- If you have a mailing list you regularly send more expensive items to (an annual catalogue, for example), a postcard using First Class Lettermail or AdMail with Return Services can offer an ideal way to verify the list's accuracy. Postcards that are undeliverable can be returned, so you can update or delete names and addresses before mailing that expensive catalogue.
- Postcards can also be used to test offers to small groups of prospects and customers. Once you determine that the response rate is positive, you can proceed with a full-fledged mailing to your entire customer base.
- Avoid the temptation to write a book or dissertation on how great you or your product/service is. Remember the marketing cardinal rule of "what's in it for me" which is the benefits to the reader, i.e. will they be smarter, thinner, happier, etc. if they use your product or service.
- Postcards are rarely one-offs. Try not to get discouraged should your first try at direct mail not bring in as many new prospects as you had hoped. Direct mail is about frequency and timing -- maybe that 3rd time you send the same offer to the same person "sticks" and a call or sale happens at that time. Perhaps you need to go back to basics and review the design and copy again to ensure it's simplicity and that the message sent is the same message received -- think interpretation. If, by the 4th or 5th time, your same offer to the same list isn't working, that's the time to get help ... but not after your 1st time mailing.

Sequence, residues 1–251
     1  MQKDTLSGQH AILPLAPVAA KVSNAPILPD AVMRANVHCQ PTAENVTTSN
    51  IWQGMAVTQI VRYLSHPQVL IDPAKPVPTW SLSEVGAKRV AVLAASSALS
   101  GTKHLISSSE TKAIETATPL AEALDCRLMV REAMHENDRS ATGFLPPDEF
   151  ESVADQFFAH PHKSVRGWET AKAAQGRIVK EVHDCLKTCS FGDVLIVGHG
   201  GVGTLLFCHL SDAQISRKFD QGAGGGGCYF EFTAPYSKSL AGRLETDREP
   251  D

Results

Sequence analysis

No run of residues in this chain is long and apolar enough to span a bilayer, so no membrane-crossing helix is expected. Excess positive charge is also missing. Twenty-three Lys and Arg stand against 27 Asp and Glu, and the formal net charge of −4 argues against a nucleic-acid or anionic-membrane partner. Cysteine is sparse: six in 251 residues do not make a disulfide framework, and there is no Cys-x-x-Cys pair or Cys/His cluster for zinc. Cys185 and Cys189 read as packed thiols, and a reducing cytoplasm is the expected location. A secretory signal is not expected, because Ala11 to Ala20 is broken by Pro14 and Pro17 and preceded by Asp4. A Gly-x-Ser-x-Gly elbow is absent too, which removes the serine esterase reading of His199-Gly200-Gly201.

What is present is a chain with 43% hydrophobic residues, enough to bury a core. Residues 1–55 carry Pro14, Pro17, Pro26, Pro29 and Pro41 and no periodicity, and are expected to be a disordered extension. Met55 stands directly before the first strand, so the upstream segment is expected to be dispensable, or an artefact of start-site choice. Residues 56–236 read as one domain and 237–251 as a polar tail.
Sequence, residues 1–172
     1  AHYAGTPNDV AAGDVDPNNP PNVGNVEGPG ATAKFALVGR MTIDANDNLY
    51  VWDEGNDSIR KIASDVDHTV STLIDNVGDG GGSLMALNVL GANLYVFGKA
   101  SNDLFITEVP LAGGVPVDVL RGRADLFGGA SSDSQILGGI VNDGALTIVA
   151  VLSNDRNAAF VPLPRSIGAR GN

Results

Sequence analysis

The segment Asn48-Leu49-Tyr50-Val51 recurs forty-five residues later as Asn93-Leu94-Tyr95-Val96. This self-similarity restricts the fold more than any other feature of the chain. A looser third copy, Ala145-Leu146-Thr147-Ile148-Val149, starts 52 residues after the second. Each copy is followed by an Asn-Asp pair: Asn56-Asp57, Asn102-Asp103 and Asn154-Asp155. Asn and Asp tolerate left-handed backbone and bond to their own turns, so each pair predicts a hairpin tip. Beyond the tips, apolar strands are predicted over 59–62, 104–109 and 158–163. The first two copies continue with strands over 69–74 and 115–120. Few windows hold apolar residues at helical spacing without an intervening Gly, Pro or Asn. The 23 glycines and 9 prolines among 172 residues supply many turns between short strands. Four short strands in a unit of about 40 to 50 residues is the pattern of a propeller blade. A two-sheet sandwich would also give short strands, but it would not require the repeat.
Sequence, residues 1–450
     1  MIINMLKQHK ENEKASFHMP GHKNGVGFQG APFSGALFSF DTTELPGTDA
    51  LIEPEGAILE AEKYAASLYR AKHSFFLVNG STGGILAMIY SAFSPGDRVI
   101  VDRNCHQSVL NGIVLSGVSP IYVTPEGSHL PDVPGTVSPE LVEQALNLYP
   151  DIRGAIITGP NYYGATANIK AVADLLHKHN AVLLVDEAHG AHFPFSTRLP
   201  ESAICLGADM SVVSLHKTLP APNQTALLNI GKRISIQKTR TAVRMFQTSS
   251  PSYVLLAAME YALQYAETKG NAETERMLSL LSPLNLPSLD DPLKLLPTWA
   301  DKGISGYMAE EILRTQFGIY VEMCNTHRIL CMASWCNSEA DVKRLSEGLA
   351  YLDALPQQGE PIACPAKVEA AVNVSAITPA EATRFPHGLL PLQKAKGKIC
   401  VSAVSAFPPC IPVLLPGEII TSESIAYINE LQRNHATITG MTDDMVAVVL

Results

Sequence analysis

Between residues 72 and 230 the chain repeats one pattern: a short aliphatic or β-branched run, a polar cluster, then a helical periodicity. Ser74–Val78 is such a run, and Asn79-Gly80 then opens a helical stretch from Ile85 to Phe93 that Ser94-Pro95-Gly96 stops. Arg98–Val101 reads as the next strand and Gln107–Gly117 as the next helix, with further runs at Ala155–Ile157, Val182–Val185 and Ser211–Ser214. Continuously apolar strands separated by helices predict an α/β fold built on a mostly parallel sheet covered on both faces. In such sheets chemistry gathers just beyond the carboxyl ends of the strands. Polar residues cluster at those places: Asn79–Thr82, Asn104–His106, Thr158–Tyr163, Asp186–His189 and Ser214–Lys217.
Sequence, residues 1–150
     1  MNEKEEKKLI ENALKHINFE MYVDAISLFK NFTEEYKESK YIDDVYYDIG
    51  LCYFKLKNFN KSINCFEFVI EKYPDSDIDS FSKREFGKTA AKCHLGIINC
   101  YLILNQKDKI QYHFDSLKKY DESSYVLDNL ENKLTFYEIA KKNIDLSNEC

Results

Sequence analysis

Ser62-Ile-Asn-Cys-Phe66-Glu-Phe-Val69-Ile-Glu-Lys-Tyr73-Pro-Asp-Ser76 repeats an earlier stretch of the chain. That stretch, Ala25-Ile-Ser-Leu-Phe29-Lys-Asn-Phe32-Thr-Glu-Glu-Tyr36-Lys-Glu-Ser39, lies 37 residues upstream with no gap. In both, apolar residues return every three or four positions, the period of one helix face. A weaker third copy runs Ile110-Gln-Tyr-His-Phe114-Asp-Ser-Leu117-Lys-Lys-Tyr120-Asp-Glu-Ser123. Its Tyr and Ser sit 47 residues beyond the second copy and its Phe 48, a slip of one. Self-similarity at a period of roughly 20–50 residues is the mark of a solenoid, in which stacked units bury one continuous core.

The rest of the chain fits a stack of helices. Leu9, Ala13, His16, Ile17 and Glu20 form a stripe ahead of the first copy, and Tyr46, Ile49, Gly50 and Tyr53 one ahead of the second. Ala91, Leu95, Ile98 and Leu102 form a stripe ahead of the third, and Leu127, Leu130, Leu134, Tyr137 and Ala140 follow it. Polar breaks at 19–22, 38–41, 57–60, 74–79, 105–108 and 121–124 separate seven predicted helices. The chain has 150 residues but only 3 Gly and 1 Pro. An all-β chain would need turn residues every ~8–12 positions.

- Don't use postcards to try to close sales.
This is by far the biggest mistake we see with customers attempting direct mail for the first time and is easily avoidable by simplifying the wording by adding a "call to action". Americans wishing to penetrate the Canadian marketplace need to ensure the message is not the same one sent to Americans -- we Canadians view direct mail quite differently and you need to work with a company like GFX Printing that can assist you with your Canadian marketing goals.
- Remember that a postcard is like a billboard; space is limited so headlines must be kept short and copy must be well thought out.
- Postcards can be designed as coupons, gift certificates or tickets to an event. By measuring redemptions, you can easily track response and evaluate what worked and what didn't. Or you can include a special code so that it can be captured when recipients call your office or visit your website. Better yet, when you use postcards as part of your marketing campaign, your competitors won't know about it, unlike your print ads.
Remember that postcards need only be an exercise in simplicity; they are small and require no envelopes for the recipient to toss, no folding or collating that makes your piece cumbersome to handle, nor are they too expensive to mail.